Engraftment of NOD-SCID mice with placenta cells from female conceptuses was tested by PCR for human chromosome 17 (hChr 17) alpha-satellite DNA (Fig 2A, TC69A), followed by a forensic PCR to discriminate fetal- from maternal-derived engraftment. 15 highly polymorphic short tandem repeat (STR) loci normally used for human identity testing were measured, and the STR profiles of recipient NOD-SCID hematopoietic tissue DNAs were compared to embryo STR profiles. As shown for the TC69A placenta (Fig 2E), the STR profiles of the spleen and BM cells of the NOD-SCID recipient were identical to the profile of the embryo, thus demonstrating exclusive engraftment from fetal-derived female placenta cells. In summary, of the 17 placentas transplanted into a total of 47 recipients, 14 recipients (30%) were repopulated by hu-SRCs of fetal placenta-origin (Table 1).
To further characterize the placenta-derived hu-SRCs, transplantation experiments into NOD-SCID and RAG γC−/− mice were performed with placenta cells sorted on the basis of expression of the CD34 marker. As shown in Table 2, HSCs are both in CD34+ and CD34− fractions in 6 week old placenta, the earliest time point tested. By 16 to 18 weeks, the HSC population appears to be enriched in the CD34+ fraction. An example of human multilineage analyses in a RAG γC−/− recipient is shown (Suppl Fig 3).
Previously it was shown that HSC were almost undetectable in the mouse placenta at term (E18) (Gekas et al., 2005). To examine if this was also the case for the human placenta, cells from term human placenta vessels and tissues were prepared and injected into NOD-SCID mice. Recipients were analysed at 5 months post-transplantation for human hematopoietic cell engraftment by flow cytometric analysis and PCR..
Three experiments (3 male placentas) resulted in human hematopoietic repopulation of NOD-SCID mice (Fig 3 and Table 3). hCD45+ cells (Fig 3A) were detected in the blood of a NOD-SCID recipient receiving 20×106 placenta tissue cells from male term placenta (tP2). The BM and spleen contained high percentages of hCD45+cells (51% and 22% respectively) of which many were B lymphoid cells, with a few myeloid cells. Control transplantation of 20×106 human UCB cells showed similar levels of NOD-SCID BM engraftment (66% hCD45+, 49% hCD19+, 6% hCD15+cells) that were comparable to published cord blood NOD-SCID transplantation data (Bhatia et al., 1997). Collagenase treated placenta vessel cells (7×106 cells injected) from tP2 (Fig 3B) also resulted in similar engraftment, with high percentages of hCD45+ cells in BM and spleen, including B lymphoid and myeloid cells. Interestingly, injection of 7×106 vessel cells was sufficient to highly repopulate a NOD-SCID recipient, while injections of 5–6×106 tissue cells from tP3 and tP1 were not (Table 3). These data suggest that placental hu-SRCs are concentrated inside the placental labyrinth, possibly attached to the vascular endothelium.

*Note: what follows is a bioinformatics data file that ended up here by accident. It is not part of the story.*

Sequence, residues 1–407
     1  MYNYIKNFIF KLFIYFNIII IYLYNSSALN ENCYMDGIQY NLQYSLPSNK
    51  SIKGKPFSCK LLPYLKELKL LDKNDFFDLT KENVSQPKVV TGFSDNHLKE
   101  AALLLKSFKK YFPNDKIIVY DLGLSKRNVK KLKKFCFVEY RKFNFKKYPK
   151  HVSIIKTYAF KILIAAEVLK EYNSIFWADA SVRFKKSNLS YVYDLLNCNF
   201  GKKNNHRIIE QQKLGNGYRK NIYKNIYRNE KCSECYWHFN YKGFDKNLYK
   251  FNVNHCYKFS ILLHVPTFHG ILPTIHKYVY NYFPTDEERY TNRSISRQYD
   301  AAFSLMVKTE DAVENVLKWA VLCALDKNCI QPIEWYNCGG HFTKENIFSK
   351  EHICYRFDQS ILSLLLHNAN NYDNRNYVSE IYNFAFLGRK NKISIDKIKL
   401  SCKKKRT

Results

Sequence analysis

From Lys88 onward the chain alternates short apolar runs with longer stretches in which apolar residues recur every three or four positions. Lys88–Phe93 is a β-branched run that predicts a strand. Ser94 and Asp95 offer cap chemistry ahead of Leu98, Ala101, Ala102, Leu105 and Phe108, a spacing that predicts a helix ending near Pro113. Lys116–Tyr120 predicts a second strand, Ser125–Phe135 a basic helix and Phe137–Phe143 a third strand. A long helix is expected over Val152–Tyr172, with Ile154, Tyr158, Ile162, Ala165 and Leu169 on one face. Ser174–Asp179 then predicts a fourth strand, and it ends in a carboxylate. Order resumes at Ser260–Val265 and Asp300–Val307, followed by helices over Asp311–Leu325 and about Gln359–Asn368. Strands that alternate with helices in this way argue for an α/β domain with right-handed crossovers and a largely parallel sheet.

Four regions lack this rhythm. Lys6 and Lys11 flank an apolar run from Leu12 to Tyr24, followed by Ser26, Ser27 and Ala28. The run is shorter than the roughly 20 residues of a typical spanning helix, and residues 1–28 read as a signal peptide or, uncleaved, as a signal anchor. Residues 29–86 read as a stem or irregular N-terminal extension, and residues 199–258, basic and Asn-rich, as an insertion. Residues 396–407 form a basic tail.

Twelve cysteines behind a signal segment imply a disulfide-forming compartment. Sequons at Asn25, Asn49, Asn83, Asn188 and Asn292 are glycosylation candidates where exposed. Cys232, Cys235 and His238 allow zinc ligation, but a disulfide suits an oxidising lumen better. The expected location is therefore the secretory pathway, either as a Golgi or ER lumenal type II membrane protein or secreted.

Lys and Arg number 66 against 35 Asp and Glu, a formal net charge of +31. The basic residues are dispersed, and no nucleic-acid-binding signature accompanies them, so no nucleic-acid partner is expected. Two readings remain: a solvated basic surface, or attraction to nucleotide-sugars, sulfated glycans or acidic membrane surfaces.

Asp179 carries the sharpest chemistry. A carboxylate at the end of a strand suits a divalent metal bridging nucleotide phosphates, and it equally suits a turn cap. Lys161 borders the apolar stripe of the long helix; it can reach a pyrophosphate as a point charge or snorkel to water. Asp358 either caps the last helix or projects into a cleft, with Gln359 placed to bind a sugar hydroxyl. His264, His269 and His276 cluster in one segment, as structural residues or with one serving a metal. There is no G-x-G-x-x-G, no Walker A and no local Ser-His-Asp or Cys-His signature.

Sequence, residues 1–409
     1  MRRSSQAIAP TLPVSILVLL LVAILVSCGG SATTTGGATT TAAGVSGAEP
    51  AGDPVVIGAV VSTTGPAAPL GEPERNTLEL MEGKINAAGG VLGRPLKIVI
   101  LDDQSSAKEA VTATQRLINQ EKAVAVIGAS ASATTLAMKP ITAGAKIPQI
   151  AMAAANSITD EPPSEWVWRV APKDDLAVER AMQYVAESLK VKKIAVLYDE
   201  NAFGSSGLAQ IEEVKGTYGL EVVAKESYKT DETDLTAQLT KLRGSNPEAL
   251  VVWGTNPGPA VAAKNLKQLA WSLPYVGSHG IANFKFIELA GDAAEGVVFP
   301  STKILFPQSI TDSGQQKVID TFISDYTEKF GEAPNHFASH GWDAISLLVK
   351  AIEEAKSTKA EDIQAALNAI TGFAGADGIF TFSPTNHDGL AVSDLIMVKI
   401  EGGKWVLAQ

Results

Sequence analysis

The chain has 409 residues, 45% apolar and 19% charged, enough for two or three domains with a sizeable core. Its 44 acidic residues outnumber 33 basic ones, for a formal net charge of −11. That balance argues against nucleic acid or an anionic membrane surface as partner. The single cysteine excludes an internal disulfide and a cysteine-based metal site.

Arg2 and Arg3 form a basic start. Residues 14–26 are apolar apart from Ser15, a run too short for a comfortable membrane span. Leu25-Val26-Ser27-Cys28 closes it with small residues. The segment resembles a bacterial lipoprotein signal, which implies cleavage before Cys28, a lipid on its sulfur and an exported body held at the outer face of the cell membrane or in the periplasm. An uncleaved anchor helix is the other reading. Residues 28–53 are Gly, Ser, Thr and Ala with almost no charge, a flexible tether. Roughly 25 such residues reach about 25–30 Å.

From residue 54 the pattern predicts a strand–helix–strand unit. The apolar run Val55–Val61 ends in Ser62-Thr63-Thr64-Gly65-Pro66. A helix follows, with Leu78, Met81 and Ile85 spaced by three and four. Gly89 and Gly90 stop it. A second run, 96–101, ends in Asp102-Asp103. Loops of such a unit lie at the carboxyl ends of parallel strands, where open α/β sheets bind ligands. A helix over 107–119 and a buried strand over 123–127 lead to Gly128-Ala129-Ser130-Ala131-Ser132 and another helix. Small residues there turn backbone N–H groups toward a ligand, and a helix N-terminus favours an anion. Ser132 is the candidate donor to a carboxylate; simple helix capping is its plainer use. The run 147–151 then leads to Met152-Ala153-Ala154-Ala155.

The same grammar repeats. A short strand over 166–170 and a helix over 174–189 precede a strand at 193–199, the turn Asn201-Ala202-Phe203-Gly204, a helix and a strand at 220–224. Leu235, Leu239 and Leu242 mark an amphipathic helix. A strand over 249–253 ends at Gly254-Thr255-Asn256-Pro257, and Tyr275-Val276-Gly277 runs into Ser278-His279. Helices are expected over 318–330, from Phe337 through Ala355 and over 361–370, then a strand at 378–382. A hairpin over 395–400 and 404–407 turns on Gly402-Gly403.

A combination of three enzymes (collagenase, dispase and pancreatin) was used to further optimise placenta cell preparations. The improved digestion conditions resulted in a higher viable cell recovery (13-fold) and increased percentages of CD34+CD38+ and CD34+CD38− cells (Suppl Fig 4), as compared to single collagenase treatment (Fig 1B). After injection of 10×106 cells from male tP3 (prepared using this method) into a NOD-SCID recipient, high percentages of hCD45+ cells were found in the blood, spleen and BM (Fig 3C) and cells were of the B lymphoid and myeloid lineages. Moreover, the recipient mouse BM contained immature human CD34+CD38− cells, strongly suggesting that the term placenta contains bona fide hematopoietic progenitors/stem cells.
The human hematopoietic cells detected in the flow cytometric analysis of NOD-SCID recipients (Fig 3A, B, C) transplanted with term placenta cells were derived from the fetal (male) part of the placenta, as shown by AMEL PCR analysis (Fig 3D) of BM, blood, spleen, lymph node and thymus DNA. Thus, term human placenta contains fetal-derived hu-SRCs that home to the BM and provide robust long-term multilineage hematopoietic engraftment of recipients.
To examine whether the human placenta contains cells typical of a hematopoietic supportive microenvironment (i.e. mesenchymal stromal cells), cell lines were established at various developmental stages – 3, 6, 16, 18 and 38 weeks of gestation. All the cell lines showed a fibroblastic morphology and 2 cell lines from each developmental time point were analysed.
The growth rates of the placenta cell lines varied. Early stage (maternally-derived) and term placenta cell lines showed slower growth than cell lines from the first and second trimester tissues (Table 4). In agreement with the previously described cell surface phenotype of first trimester and term placenta stromal cells (Bhatia et al., 1997; Fukuchi et al., 2004; Li et al., 2005; Yen et al., 2005; Zhang et al., 2006; Zhang et al., 2004), our lines are CD13+, CD29+, CD44+, CD105+, HLA-DR−, CD14−, CD34−, CD45−, CD19−, CD2−, CD3−, CD4lo/−, CD8− and CD11blo/− (Suppl Fig 5A, Table 4). Also, in cultures allowing for osteogenic differentiation, our placenta lines (second trimester and term) were positive for alkaline phosphatase (Suppl Fig 5B) and mineralization and most cell lines also could be differentiated into adipocytes (Suppl Fig 5C). Interestingly, when three of these cell lines were tested (H93-6, H92-1 and H91-2) in matrigel, they formed tubules indicative of endothelial potential (Suppl Fig 5D, Table 4). Thus, the human placental cell lines have the same mesenchymal potential as reported previously in hematopoietic supportive AGM (Durand et al., 2006).